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After reading You Lost Me by Dave Kinnaman and spending a week with college students at Passion 2012 I find myself more determined to help churches understand that college students and young adults are not leaving their faith but instead leaving churches all across America who exist to protect traditions. Is there anything wrong with traditions…No. Is having a mission to make the next generation conform to the ways of the past generation working…No. Churches that are reaching young adults and young families are willing to shape their strategy (not theology) in a way that connects with young adults and young families. These churches are asking the older generation to unite in a mission to pass on faith to the generations to come, sounds like this familiar scripture…

4 “Listen, O Israel! The Lord is our God, the Lord alone. 5 And you must love the Lord your God with all your heart, all your soul, and all your strength. 6 And you must commit yourselves wholeheartedly to these commands that I am giving you today. 7 Repeat them again and again to your children. Talk about them when you are at home and when you are on the road, when you are going to bed and when you are getting up. 8 Tie them to your hands and wear them on your forehead as reminders. 9 Write them on the doorposts of your house and on your gates. – Deuteronomy 6:4-9 NLT

With all that said, this is a must read book for every leader working with the next generation. The tide is shifting and will continue to morph and change with every generation. Will churches be willing to listen and adapt? Will kids, student and college ministries rise up to meet the needs of this generation? Here are a few quotes from the book…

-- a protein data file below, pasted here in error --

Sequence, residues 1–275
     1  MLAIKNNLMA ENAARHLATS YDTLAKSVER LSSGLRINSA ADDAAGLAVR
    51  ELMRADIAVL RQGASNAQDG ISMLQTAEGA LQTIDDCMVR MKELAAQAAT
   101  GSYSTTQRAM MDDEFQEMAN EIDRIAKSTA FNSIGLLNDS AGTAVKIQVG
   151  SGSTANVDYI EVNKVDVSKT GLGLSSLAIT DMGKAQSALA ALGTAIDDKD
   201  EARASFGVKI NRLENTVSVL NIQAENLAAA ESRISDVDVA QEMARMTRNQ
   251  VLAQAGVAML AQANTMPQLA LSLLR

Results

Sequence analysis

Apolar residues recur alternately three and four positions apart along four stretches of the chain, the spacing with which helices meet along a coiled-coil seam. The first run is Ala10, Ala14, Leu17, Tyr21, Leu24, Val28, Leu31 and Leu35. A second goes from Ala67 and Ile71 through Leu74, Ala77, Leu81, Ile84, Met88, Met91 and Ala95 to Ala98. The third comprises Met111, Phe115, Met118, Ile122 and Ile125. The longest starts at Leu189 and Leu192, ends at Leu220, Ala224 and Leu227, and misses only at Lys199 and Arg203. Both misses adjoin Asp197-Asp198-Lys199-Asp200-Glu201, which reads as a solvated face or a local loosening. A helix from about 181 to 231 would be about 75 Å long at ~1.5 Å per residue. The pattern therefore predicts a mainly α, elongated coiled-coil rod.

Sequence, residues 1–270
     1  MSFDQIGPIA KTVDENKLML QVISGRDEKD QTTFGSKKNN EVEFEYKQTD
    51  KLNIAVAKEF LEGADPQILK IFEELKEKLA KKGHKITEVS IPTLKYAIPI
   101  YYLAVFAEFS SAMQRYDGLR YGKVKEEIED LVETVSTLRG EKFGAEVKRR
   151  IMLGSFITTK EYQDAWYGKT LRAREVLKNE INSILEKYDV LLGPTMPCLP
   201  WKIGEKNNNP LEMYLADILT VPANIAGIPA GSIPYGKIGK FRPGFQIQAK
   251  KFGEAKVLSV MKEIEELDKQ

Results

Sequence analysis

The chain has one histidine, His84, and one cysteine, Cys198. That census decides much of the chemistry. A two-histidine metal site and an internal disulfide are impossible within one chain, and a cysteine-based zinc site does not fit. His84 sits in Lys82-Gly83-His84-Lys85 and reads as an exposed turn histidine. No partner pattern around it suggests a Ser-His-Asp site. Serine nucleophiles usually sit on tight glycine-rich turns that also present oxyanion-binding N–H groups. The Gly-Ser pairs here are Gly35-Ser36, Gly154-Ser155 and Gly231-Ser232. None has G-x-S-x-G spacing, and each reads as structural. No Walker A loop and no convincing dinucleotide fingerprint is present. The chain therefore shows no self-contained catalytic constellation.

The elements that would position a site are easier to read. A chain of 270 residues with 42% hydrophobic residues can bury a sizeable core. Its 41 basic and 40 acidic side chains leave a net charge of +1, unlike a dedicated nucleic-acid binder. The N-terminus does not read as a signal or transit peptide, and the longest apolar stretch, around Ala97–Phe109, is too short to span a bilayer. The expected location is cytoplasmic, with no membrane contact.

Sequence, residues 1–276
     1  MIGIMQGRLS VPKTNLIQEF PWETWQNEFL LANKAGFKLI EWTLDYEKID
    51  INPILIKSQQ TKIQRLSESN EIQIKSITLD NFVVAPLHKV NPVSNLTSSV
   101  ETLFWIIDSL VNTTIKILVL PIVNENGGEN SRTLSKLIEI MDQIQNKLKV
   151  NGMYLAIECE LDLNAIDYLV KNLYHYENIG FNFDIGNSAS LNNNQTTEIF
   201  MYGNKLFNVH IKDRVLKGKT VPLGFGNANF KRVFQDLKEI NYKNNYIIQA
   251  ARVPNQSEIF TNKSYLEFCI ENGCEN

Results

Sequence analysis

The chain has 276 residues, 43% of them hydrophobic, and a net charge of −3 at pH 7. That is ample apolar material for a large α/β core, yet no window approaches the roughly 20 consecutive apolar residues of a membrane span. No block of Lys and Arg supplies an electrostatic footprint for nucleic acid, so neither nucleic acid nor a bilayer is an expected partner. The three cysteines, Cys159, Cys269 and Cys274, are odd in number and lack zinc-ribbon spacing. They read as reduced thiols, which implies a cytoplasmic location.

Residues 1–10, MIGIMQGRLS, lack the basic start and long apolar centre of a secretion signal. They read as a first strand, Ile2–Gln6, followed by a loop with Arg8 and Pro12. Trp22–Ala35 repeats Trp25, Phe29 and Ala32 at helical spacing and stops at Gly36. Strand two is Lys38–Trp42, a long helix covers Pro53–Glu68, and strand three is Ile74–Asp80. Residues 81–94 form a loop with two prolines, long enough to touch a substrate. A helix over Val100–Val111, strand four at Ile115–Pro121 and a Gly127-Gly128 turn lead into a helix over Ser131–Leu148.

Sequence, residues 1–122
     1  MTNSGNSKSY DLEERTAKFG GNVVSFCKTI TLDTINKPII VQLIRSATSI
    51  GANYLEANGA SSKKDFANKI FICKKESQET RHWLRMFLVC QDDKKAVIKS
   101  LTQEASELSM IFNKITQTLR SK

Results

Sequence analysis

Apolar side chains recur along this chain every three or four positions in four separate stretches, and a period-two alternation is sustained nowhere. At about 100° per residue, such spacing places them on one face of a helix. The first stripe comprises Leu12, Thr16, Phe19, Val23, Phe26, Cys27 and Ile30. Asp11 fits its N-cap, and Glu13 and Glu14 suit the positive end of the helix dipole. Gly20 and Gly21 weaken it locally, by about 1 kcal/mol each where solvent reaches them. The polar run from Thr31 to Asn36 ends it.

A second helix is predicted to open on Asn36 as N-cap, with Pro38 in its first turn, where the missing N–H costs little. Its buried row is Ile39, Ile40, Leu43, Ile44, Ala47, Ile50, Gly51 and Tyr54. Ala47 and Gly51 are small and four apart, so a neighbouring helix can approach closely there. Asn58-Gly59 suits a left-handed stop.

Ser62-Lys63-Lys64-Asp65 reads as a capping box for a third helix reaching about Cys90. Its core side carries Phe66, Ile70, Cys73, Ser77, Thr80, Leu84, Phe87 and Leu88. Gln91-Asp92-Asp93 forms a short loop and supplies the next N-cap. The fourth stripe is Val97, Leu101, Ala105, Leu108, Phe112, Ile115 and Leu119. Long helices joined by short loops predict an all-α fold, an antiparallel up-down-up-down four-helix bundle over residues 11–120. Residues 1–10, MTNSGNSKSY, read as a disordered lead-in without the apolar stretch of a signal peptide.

• But disciples cannot be mass-produced. Disciples are handmade, one relationship at a time.
  • The dropout problem is, at its core, a faith-development problem; to use religious language, it’s a disciple-making problem. The church is not adequately preparing the next generation to follow Christ faithfully in a rapidly changing culture.
  • The faith journeys of the next generation are not monochromatic or one-size-fits-all. Every story matters. And every type of story matters. 
  • The next generation is caught between two possible destinies—one moored by the power and depth of the Jesus-centered gospel and one anchored to a cheap, Americanized version of the historic faith that will snap at the slightest puff of wind. Without a clear path to pursue the true gospel, millions of young Christians will look back on their twentysomething years as a series of lost opportunities for Christ.
  • Is it possible that our cultural fixation on safety and protectiveness has also had a profound effect on the church’s ability to disciple the next generation of Christians? Are we preparing them for a life of risk, adventure, and service to God—a God who asks that they lay down their lives for his kingdom? Or are we churning out safe, compliant Christian kids who are either chomping at the bit to get free or huddling in the basement playing World of Warcraft for hours on end, terrified to step out of doors?

I made more notes from this book than any other book I have read on my Kindle. Our staff is getting ready to process this together at Grace Community Church. I hope you will take time and check out You Lost Me. This book has the potential to shape how we engage this generation of kids, teens, college students, and young adults.